Just under half (47%; n=9) of the articles related to pharmacy students or interns/residents and leadership education/development,2-10 four articles related to leadership in the profession11-14  and three reported on clinical leadership.15-17 Two articles focussed on emotional intelligence, including amongst students2;18 and one concentrated on self-leadership.19 This review was limited to research databases and did not include ‘grey’ literature.

Discussing leadership development in contemporary practice

That there were no studies about pharmacy leadership arising from Australia was surprising, as the profession is proactive in conducting clinical trials and reporting clinical findings. It was anticipated that leadership development among pharmacy students/interns (residents) would dominate the literature, as it is expected that academics (faculty) will publish their work.

Examples from studies involving student development included descriptions of development in relation to emotional intelligence2 and the application of the seven action logics to gain control of one’s own behaviour.3 One study extended to the use of photovoice methodology in which a camera placed in participants’ hands is used to help them in the process of documenting, reflecting, and communicating issues during activities.7

Recently, Kairuz et al. described a learning experience that was launched from Newcastle in Australia in which an experiential learning approach was used to provide opportunities for pharmacy and medical students from different countries to experience leadership development, including ‘norming and storming’ within a team environment, during the 2020 pandemic.20

In our review we identified only one study that focused on emotional intelligence. According to Goleman, emotional intelligence is more important than intelligence quotient (IQ),21 and learning how to handle anger, manage conflicts, develop empathy, and control impulses are essential skills that can be learnt.

In addition to social skills associated with emotional intelligence, empathy is advantageous in leadership. However, it must be acknowledged that not all people in positions of authority are empathic.

In his book Taming Toxic People, Australian author David Gillespie aptly describes people who are intent on reaching career goals with little or no consideration for those who may inadvertently stand between them and their aspirations.22 This book is recommended for anyone who aspires to creating a healthy workplace environment and is especially relevant for those who are responsible for the wellbeing of other employees. 

It was expected that articles which describe clinical leadership would be identified in this review. Clinical pharmacy, including the functions of accredited pharmacists in performing medication reviews, provides rewarding career pathways for many pharmacists including in Australia.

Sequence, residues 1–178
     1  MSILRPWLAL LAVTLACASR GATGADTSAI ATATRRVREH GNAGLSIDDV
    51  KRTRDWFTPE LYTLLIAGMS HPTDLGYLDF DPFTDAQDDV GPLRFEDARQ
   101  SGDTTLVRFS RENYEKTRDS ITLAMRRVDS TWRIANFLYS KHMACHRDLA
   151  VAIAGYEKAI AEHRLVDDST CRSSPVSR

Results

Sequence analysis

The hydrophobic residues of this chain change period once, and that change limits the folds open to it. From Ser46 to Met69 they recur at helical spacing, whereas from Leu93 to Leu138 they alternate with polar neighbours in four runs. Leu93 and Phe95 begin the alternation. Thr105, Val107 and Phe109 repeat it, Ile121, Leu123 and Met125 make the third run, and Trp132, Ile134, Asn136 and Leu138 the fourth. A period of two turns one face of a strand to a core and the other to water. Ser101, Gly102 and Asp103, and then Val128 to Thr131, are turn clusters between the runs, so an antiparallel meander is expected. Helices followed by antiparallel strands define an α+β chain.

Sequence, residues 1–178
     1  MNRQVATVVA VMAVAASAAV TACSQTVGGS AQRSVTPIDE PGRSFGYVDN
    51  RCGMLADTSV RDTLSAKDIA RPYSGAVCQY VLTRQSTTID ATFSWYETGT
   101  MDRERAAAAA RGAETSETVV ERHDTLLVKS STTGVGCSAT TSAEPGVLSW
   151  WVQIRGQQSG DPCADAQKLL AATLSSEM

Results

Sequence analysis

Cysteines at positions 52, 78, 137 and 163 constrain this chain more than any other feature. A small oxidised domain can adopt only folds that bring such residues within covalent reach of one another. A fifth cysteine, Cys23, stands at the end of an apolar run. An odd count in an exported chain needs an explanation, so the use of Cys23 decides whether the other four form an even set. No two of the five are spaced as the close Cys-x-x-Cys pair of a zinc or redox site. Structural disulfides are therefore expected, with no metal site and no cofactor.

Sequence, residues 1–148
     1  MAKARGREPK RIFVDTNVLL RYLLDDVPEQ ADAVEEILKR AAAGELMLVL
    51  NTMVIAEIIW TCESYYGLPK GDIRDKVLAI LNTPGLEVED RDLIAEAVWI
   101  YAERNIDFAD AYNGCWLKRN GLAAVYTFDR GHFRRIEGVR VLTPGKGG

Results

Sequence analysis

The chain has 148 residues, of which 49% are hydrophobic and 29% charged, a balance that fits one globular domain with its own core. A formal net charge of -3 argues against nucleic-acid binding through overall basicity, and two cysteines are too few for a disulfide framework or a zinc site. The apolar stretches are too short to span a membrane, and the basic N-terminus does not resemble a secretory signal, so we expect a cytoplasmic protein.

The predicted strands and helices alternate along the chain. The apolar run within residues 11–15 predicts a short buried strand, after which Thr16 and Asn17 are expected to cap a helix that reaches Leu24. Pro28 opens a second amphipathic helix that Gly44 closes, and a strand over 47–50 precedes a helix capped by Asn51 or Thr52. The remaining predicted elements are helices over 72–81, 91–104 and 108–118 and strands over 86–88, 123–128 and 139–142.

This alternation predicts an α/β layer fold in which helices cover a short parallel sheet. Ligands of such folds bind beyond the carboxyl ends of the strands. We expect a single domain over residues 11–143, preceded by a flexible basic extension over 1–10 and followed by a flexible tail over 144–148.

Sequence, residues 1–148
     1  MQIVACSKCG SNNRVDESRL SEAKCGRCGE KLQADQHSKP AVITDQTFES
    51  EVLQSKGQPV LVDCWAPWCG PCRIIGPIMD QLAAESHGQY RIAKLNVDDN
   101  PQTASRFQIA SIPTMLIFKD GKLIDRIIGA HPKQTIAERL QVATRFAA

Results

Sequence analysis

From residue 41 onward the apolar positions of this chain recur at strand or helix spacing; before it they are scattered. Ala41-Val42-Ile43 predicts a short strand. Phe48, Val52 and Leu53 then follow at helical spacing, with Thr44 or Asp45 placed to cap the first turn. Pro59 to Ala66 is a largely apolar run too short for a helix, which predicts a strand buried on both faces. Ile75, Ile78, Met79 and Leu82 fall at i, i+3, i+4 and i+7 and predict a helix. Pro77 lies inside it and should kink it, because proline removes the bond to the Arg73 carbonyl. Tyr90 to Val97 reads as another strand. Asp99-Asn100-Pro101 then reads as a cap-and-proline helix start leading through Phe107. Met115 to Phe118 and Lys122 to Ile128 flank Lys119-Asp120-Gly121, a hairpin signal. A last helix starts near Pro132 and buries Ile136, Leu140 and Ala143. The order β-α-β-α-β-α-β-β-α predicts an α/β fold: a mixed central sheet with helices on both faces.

Australian pharmacists are also known for stepping up and providing services and medicines during challenging times including natural disasters such as bush fires, droughts, floods and the pandemic,23 despite the actions placing their health, at risk.24  

Not surprisingly, stress levels have increased since the emergence of the pandemic in 2020 and while pharmacists may recognise signs and symptoms of mental ill health in patients, it is easy to overlook the signs in oneself.25

Burnout, defined as “chronic workplace stress that has not been successfully managed”, is now included in the International Classification of Diseases (ICD-11) although it has not (yet) been described as a medical condition in the Diagnostic and Statistical Manual of Mental Disorders (DSM V).

Symptoms of burnout include energy depletion, mental ‘distancing’ from one’s job or negativism, and reduced professional efficacy.26

Burnout is increasing among the Australian pharmacy profession27 and strong leadership will be essential to maintain a healthy workforce and sustain the delivery of medicines to people in Australia.

Pharmacy leadership will also have to guide early career pharmacists, as described by Lambert,28 and address some of the frustrations of pharmacy students as outlined by Paola.29 It is timely to take stock of the most valuable asset of any organisation – its people.

In conclusion, our review illustrates that there a gap in the literature regarding pharmacy leadership studies emerging from Australia. 

Therése Kairuz is Associate Professor, School of Biomedical Sciences and Pharmacy, University of Newcastle. Richard Jane, Jack Papworth, Andrew Walker are pharmacy students for the BPharm(Hons) at the University of Newcastle.

Readers can contact the corresponding author at Therese.Kairuz@newcastle.edu.au for more information.

Acknowledgements

The authors thank Luke Kelly (BPharm, FPSA) and business leader Tracy Nickloes (MBA) for their guidance.

References